Print, Protest, Power curated by Myron M Beasley (5/18 - 6/22 18)
PRINT, PROTEST, POWER
curated by Myron M Beasley
5/18 - 6/22 2018
In the essay titled “Creative Process” published in 1962 at the behest of then President John Kennedy, iconic African American writer and public intellectual James Baldwin charged his contemporary artists with assuming the position of “disturbers of the peace.” At a time of political and social unrest in the midst of the civil rights movement, Baldwin insisted that artists, as the conscience of society, were responsible for “correct[ing] the delusions” that we live in a stable world. To do so, the artist had to recall and “let us know, that there is nothing stable under heaven.”
For Baldwin, artists as cultural workers were particularly entrusted with the responsibility of agitation, not for the sake of agitation but to contribute to the unravelling of societal injustices. The interpretation of artists as cultural workers can be broadly construed, but, in this exhibition, my interest rests with artists consumed with (but not limited only to) political interventions, community engagement, and matters of accessibility—artists that disdain “art for art’s sake” and pursue art for the sake of nurturing political consciousness and movement toward social change. In this sense, I give pride of place to artists who, according to Nato Thompson’s definition, “work more comfortably on the street and within a community of activists than in the gallery.” Print, Protest, Power assembles a collection of artists whose work is often literally found on streets, billboards, and telephone posts.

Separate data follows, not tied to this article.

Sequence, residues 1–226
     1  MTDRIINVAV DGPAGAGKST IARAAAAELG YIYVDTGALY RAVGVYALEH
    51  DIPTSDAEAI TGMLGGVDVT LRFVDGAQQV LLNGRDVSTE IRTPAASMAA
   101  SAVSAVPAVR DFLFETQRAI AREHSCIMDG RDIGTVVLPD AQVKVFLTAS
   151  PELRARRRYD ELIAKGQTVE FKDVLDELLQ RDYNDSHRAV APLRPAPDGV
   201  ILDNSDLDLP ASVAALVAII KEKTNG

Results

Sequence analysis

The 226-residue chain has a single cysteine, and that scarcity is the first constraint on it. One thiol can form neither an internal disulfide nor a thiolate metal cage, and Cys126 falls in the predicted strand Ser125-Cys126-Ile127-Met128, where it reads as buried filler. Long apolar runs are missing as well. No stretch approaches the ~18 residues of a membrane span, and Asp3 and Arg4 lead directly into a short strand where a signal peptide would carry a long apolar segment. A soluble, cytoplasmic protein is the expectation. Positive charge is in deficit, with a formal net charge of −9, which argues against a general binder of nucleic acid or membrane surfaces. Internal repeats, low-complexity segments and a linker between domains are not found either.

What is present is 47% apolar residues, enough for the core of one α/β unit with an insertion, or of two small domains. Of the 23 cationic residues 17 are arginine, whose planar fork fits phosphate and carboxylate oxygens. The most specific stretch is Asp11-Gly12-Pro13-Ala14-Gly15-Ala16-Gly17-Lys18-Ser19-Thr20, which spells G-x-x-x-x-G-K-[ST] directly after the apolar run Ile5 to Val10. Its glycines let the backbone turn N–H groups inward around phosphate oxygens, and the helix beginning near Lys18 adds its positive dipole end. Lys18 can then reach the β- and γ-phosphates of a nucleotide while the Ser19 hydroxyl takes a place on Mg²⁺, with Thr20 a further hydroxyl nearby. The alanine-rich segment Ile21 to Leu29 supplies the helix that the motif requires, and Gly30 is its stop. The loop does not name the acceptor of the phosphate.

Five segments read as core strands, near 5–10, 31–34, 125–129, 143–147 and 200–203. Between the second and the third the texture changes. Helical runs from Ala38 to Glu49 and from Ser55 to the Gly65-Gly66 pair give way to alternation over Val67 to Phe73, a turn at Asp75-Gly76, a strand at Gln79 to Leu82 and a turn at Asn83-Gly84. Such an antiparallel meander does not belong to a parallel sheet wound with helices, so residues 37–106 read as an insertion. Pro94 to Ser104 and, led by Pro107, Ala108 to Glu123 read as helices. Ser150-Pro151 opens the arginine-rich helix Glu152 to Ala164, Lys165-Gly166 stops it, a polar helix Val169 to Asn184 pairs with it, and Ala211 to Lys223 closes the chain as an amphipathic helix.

Print, Protest, Power explores the power of the printed poster in a variety of styles, aesthetics and rhetorical strategies. Recalling the role of the poster in political social movements, particularly in the U.S., and how they occupy a critical space and a precursor to
contemporary social media platforms, this show will acknowledge the significance of the protest poster and the art of printmaking. While some posters were created by savvy graphic designers with keen attention to font, color, aesthetics, and layout, and others were made strictly to communicate vital news, the general purpose was the dissemination of information to the masses. Print, Protest, Power brings together works from distinguished printmakers including a selection of iconic imagery by Emory Douglas, the artist, designer, and former Minister of Culture of the Black Panther Party. Other artists in the show are Amos Kennedy Jr. (Kennedy Press); David Wolfe (Wolfe Editions); H. R. Buechler (Oxblood Press); the Future Mothers collective (Elizabeth Jabar and Collen Kinsella); and Alisha B. Wormsley.
—Myron M. Beasley, 2018